Guest Essay by Kip Hansen — 17 January 2023
What are the chances, huh? Have you ever heard anyone say that? I sure have. Of course, they often ask because they haven’t a clue about what “chance” is or how to arrive at a practical idea of “what the chances are”.
Most of us understand that flipping a coin has a 50/50 chance of coming up heads. It also has a 50/50 chance of coming up tails. We understand that our individual chance of getting hit by lightning is extremely small. Despite the truth of that, I have a close relative that has been hit by lightning twice – and survived both times. What are the chances of that?!
[Struck by Lightning: Estimates vary widely, but in the United States: “According to the National Weather Service, a person has a 1-in-15,300 chance of getting struck by lightning in their lifetime, defined as an 80-year span.” And “The odds of being struck in a given year are closer to that one-in-a-million mark, though: 1 in 1,222,000.”]
When we speak of “chances”, we really mean probability, which is a subject so wide and wild, that the statistician William Briggs has written a 237 page book as an introduction to the subject.
Regular readers will know that I am a die-hard pragmatist — a practical person. If it isn’t true when I stub my toe on it, then I don’t care much. This means I lean towards working engineers and away from academics of all sorts when the subject is something I can see and touch.
He introduced the multiplication of uncertainties in a blog post last June titled: “Why You Don’t Have To Worry About Climate Change: Multiplication Of Uncertainties”. He has given me permission to extensively quote that post.
Briggs wrote of what happens with probability when several uncertain things have to happen at the same time. But what we often have to consider is daisy-chained uncertainties.
What are daisy-chained probabilities? Something like this: If my black cat, who has a fifty/fifty chance of coming home tonight, does come home and then encounters my son’s dog, who has a 1-in-four chance of being unexpectedly dropped off for me to dog-sit overnight, and given that the dog is totally intolerant of the cat on one-out-of-every-five days, what is the chance that there will be a chaotic dog-and-cat fight in my home this evening?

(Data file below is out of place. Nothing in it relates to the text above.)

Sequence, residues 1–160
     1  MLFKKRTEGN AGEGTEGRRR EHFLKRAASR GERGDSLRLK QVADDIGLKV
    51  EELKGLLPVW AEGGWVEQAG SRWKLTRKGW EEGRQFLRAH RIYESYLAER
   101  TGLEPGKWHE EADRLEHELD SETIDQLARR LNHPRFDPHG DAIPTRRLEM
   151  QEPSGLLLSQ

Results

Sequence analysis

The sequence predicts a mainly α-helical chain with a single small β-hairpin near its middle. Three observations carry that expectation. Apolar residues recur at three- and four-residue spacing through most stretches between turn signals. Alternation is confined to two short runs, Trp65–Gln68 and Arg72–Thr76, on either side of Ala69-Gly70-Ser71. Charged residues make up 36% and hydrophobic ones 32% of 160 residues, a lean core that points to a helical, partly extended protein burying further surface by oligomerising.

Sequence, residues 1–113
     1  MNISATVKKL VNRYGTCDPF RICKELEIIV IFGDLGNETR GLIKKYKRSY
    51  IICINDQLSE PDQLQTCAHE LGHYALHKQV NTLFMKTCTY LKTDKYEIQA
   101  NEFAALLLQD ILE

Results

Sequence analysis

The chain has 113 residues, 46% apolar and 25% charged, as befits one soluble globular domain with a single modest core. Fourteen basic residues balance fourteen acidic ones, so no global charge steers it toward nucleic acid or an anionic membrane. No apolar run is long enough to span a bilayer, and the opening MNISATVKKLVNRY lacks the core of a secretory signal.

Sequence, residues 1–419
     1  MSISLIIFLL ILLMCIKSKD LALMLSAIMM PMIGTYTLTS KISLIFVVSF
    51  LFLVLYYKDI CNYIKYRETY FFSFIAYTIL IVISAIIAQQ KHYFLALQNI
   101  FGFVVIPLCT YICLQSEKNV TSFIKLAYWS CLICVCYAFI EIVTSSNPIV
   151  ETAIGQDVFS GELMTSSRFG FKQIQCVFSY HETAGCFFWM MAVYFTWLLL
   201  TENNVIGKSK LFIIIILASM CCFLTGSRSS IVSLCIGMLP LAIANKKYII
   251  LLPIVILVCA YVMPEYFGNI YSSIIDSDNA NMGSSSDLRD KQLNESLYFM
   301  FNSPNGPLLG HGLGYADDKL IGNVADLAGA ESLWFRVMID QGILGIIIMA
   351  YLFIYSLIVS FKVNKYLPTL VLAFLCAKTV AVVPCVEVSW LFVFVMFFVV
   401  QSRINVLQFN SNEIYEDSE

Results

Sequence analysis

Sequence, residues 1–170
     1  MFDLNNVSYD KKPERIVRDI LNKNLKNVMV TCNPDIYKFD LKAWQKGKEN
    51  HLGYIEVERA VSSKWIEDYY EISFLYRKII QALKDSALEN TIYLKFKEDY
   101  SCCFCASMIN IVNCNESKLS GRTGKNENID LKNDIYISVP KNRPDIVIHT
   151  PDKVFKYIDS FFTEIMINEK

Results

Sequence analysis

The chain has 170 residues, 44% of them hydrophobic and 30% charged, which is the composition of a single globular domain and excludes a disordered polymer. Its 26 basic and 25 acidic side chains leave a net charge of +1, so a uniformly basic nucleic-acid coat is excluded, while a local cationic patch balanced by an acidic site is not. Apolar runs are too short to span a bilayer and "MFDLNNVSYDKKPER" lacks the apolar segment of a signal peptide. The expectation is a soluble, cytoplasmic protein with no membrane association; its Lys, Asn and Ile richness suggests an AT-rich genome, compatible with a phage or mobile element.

This type of scenario can be stated: “If this, and then this, and then if this then that.” The events have to take place in a specified order, each one having its own probability.
[There is only a 2.5% chance of chaos. I would be willing to take the chance (and suitable precautions). Surprised?]
Of course, Briggs does not use such a “householder’s” example.
Briggs says this:
“While it is logically possible that slight changes in the average weather will cause only misery, and do no good whatsoever, it is scarcely likely. Indeed, it is absurd and proves “climate change” is part superstition, part scam, part bad science.”
“Our archetype statement has three parts: 1) the threat of “climate change”, 2) the bad event, and 3) the promise of “solutions”. We are meant to take the thing as a whole, as if the whole were as certain as the most certain part. Rather, as more certain than the most certain part.”
The key is “that we are meant to take…[it] as if the whole three part proposition is as certain as the most certain part.”
Here’s recent news sample:
“Phil Trathan: Emperor penguins breeze through the Antarctic winter, and they need sea ice as a stable platform, so they really depend upon the sea freezing and forming a firm base. And as temperatures increase in the Antarctic, then we will see the sea ice disappear. And that means then the Emperors will have no place to breed.“
Take a deep breath…yes, I know that is absurd. But it is an example of a CliSci-madness daisy-chain statement: IF “temperatures increase in the Antarctic” then IF “sea ice disappears” Then “Emperors will have no place to breed”.
“If temperatures increase in the Antarctic” means temperatures getting high enough to threaten winter sea ice formation:
The highest Maximum Temperature Temperature (monthly average) recorded at either Vostok or the South Pole is minus 26 centigrade. Antarctic experts know that sea ice is always present in the southern winter, when Emperor penguins must come ashore to lay eggs raise chicks. Emperor penguins do not nest on ephemeral sea ice, they nest on the solid fast ice and or inshore the ice-covered rock of Antarctica. They do, however, often need land-fast sea ice to leave the water and get up on to the land, depending on the configuration of the shoreline.